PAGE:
Video Doorbells - A Blessing and a Curse

While video doorbells seem to be ‘all the rage’ lately, they bring about quite a few concerns related to privacy, especially in common interest communities. The balance is between one’s right to the latest technology securing their home for package deliveries, for example, with the reality of a camera and audio recorder capturing additional footage of one’s neighbors. It is important to review the governing documents in place in your community to determine if the installation of such devices are a violation, missing from the governing documents entirely, or a regulated addition.  

Many people utilize doorbell cameras to capture video recordings of what goes on within a certain radius from their door, however they forget that most all of them are capturing audio too. This presents situations in which the seemingly harmless video doorbell encroaches in on one’s personal expectation of privacy in and around their home. The Board of Directors for many Associations are left with the question of how to regulate them or whether they can ban them outright from existing within the communities.

Many Associations have decided to regulate video doorbells and cameras, either via their declaration of restrictive covenants, or via their rules and regulations. Some communities have banned them completely; others have regulated them by limiting the areas in which the cameras can direct their footage, or limiting their permissions to video only. Boards have to weigh the benefits as supported by homeowners wanting the doorbell cameras for security reasons, with those that feel as if they are an invasion of privacy. At the end of the day, Boards are tasked with the responsibility of enforcing the governing documents, and in doing so, they should be mindful of the intersection between safety and privacy.

For example, if the cameras were installed inside one’s unit and did not capture any audio or video outside of the unit, the Board generally would not have the authority to prohibit that. However if the camera’s viewpoint is directed out of one’s window towards a neighbor’s window or back patio area, then the Board would likely have authority to regulate that practice. Likewise, if the camera is installed on the exterior of one’s unit, then installing a video doorbell without approval may be a violation of the Association’s governing documents. 

As we all know, the common area and common elements within a community are generally shared spaces with all homeowners. Therefore, there is usually no expectation of privacy within the common area and common elements of a community association. For example, in a community where the outer doors face the sidewalks, one could not argue that it was an invasion of privacy for a doorbell camera to capture one walking along the sidewalk. However, some homeowners may argue that if the recording parameters extend further to their neighbor’s front door, then it might be invading one’s privacy to capture all of the visitors going in and out of the home. Therefore, Associations should consider creating rules regarding the video doorbells such as: (i) limit viewing parameters to areas immediately adjacent to the front door, porch, or parking spot, (ii) not direct the cameras to face other residents’ units, (iii) not direct the cameras to capture one in a state of undress, (iv) not allow audio recordings of someone without their consent, and (v) not republish the video footage on the internet or with the purpose of using it to bully, intimidate, or harass.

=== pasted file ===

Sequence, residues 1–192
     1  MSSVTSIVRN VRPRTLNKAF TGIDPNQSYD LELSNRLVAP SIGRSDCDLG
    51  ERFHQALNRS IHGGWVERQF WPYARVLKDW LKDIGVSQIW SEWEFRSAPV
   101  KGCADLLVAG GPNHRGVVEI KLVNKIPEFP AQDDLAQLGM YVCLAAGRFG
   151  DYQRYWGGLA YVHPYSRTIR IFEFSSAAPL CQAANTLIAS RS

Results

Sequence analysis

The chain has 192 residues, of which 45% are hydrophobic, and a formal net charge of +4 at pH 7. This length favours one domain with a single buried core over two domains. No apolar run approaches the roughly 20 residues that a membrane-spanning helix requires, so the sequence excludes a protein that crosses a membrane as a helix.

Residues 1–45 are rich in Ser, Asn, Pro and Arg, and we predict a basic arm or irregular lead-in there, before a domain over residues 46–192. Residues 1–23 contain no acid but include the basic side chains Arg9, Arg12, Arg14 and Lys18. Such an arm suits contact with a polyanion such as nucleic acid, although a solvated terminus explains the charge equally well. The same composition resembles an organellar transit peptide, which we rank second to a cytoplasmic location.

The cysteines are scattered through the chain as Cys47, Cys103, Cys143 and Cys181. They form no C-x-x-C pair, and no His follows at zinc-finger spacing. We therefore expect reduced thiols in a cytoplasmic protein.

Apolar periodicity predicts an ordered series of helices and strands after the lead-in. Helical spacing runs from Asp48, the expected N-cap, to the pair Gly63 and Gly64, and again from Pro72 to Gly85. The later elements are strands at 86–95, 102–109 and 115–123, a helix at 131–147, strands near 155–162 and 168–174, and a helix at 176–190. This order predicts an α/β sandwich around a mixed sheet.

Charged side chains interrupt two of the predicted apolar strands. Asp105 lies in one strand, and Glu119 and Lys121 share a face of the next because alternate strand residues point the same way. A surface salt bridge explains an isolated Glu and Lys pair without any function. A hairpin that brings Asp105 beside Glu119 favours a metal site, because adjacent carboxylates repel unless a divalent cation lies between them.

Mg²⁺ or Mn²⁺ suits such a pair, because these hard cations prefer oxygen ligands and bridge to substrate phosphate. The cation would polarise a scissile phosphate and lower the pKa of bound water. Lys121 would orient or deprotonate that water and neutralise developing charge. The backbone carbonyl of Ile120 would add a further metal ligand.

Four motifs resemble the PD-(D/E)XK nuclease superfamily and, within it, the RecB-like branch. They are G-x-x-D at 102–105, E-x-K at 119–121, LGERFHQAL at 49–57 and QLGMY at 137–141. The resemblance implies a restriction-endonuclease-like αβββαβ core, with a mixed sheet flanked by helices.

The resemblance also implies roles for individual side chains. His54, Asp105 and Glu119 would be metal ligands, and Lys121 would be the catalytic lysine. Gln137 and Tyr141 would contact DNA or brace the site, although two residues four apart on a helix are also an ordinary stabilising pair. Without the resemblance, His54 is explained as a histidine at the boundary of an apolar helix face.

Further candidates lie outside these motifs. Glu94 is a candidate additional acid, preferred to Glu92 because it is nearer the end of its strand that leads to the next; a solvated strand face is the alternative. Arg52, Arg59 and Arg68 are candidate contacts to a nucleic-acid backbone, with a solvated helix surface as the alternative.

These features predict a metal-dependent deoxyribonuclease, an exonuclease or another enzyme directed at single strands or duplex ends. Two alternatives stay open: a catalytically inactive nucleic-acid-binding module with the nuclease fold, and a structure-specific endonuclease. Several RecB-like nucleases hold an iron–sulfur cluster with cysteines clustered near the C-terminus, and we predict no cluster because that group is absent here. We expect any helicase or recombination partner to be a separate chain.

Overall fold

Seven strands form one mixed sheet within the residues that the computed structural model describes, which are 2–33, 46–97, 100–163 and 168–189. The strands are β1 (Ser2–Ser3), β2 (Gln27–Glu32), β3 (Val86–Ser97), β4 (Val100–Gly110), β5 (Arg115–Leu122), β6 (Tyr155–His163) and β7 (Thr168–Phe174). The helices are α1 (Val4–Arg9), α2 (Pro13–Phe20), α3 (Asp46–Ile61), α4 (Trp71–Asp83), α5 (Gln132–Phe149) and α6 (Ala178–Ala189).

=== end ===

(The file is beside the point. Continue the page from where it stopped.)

We recommend the following principles to Boards to consider when evaluating the use of video doorbells in their communities:

  • Installation on Common Areas and Common Elements shall not be permitted. 

  • Residents should be aware that most activities conducted in the Common Areas and Common Elements are open to view and hearing by third parties, as all owners and residents usually have access to the Common Areas and Common Elements. Certain Common Areas and Common Elements, however, do carry an expectation of privacy, including restroom areas and locker rooms around a community pool.

  • Any camera contained entirely within the interior of a Unit, may be installed without any approval by the Association, provided that it complies with all other restrictions as to the range of video that it captures.

  • The decision on permitting the installation of any security camera or video doorbell on the exterior of Units shall be in the sole discretion of the Board. 

  • Any breach of the requirements herein is subject to compliance review by the Association. Such remedies may include, without limitation, the requirement that the camera be removed, the imposition of charges pursuant to the Property Owners’ Association Act or the Condominium Act, and any aggrieved Unit Owner’s own remedies available to them. 

Technology is only moving forward and it is likely that many homeowners will push for the inclusion of video doorbells into their communities. The best advice for Boards is to evaluate both sides of the argument, garner the thoughts and opinions of your unit owners, and prepare rules and regulations to guide their use. 

Courtney H. Cox is an attorney at the law firm of Gordon & Rees, where she focuses a sizeable portion of her practice on community association law. She practices out of the firm’s Williamsburg office. Gordon & Rees is a national law firm with over 1,000 attorneys in offices in all 50 states.

Share this post:

Comments on "Video Doorbells - A Blessing and a Curse"

Comments 0-5 of 0

Please login to comment